More information on the investigations will be available on the Commission's competition website, in the public case register: for the video games investigation under the case numbers AT.40413 (Focus Home), AT.40414 (Koch Media), AT.40420 (ZeniMax), AT.40422 (Bandai Namco), AT.40424 (Capcom); for the hotel pricing investigation under the case number AT.40308 and for the retail price agreements investigation under the case numbers AT.40465 (Asus), AT.40469 (Denon & Marantz), AT.40181 (Philips), AT.40182 (Pioneer).


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Mariachis Bogota

Posted by Marichis Bogota at 06 February 2017, 09:31 CET
Commissioner Margrethe Vestager, in charge of competition policy said: "E-commerce should give consumers a wider choice of goods and services, as well as the opportunity to make purchases across borders. The three investigations we have opened today focus on practices where we suspect companies are trying to deny these benefits for consumers. The cases concern the consumer electronics, video games and hotel accommodation sectors. More specifically, we are looking into whether these companies are breaking EU competition rules by unfairly restricting retail prices or by excluding customers from certain offers because of their nationality or location."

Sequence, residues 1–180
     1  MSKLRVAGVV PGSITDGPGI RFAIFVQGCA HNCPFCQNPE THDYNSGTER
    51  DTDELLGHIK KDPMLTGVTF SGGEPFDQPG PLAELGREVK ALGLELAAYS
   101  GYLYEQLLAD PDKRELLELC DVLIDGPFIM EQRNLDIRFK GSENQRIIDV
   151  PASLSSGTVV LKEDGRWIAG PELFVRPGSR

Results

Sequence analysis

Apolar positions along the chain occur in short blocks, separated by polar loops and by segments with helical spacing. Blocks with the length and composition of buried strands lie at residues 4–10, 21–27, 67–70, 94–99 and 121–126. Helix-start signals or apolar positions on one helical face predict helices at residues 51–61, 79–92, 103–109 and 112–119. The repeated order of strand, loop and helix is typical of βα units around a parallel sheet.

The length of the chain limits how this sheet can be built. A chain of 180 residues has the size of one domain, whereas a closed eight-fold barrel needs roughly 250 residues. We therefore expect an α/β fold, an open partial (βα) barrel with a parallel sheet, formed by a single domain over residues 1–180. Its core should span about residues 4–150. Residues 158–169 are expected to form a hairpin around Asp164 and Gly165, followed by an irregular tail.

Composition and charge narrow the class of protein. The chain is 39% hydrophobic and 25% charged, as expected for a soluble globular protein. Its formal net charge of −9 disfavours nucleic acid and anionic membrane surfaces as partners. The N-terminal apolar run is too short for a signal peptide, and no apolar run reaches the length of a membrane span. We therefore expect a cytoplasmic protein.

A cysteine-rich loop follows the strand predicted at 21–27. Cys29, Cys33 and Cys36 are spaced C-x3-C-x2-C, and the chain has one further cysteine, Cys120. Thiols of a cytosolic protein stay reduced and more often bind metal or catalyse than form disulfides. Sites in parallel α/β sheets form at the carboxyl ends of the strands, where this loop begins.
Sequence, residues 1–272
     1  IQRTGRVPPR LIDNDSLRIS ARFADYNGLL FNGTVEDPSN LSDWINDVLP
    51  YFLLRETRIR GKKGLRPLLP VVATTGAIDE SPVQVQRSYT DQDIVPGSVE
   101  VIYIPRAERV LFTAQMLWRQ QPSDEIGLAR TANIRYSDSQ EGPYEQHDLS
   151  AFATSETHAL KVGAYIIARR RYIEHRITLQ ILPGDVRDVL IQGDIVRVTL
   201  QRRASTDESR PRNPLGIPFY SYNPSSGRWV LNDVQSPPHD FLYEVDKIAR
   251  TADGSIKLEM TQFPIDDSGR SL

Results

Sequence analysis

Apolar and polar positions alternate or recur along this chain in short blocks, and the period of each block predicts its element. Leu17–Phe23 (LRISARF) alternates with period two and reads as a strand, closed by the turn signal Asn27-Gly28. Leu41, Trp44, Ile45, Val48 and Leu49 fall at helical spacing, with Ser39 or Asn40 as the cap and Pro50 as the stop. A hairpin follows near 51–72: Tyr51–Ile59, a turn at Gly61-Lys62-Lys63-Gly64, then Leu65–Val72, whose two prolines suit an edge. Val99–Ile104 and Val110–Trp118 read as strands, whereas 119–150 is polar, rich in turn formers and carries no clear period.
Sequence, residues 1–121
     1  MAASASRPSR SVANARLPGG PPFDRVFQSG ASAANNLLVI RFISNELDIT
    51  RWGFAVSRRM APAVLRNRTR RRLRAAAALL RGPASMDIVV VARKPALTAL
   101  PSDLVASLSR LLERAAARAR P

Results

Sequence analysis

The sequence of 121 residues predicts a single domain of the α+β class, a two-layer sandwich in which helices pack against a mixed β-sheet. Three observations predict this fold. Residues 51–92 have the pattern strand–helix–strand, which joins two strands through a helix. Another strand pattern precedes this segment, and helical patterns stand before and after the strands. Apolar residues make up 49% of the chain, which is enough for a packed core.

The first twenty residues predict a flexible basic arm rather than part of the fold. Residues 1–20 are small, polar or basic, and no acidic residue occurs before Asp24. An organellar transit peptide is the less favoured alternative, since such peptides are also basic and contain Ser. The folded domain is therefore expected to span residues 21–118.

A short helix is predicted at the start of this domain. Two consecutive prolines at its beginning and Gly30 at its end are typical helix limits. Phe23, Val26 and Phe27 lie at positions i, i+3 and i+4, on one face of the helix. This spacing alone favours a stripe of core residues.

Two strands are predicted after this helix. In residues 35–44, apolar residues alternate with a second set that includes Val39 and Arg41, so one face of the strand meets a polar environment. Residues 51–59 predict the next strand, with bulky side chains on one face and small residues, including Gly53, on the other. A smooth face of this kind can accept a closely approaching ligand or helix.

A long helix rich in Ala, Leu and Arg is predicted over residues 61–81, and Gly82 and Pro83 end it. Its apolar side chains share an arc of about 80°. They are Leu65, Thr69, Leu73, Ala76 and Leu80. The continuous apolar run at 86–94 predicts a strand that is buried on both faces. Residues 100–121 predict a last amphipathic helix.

Although more and more goods and services are traded over the internet worldwide, cross-border online sales within the EU are only growing slowly. The Commission's Digital Single Market Strategy identifies a number of regulatory barriers that hinder cross-border e-commerce and proposes different initiatives to address these.
However, there are also indications that businesses may themselves establish barriers to cross-border online trade, with a view to fragmenting the EU's Single Market along national borders and preventing competition. The Commission has therefore launched an inquiry to gather market information in order to better understand the nature, prevalence and effects of these barriers and to assess them in light of EU antitrust rules.
The three investigations opened today by the Commission aim to tackle the specific issues of retail price restrictions, discrimination on the basis of location and geo-blocking. The preliminary results of the Commission's competition sector inquiry on e-commerce show that the use of these restrictions is widespread throughout the EU.
Under certain circumstances, these practices may make cross-border shopping or online shopping in general more difficult and ultimately harm consumers by preventing them from benefiting from greater choice and lower prices in e-commerce. Such behaviour may breach EU competition rules that prohibit anti-competitive agreements between companies (Article 101 of the Treaty on the Functioning of the European Union - TFEU).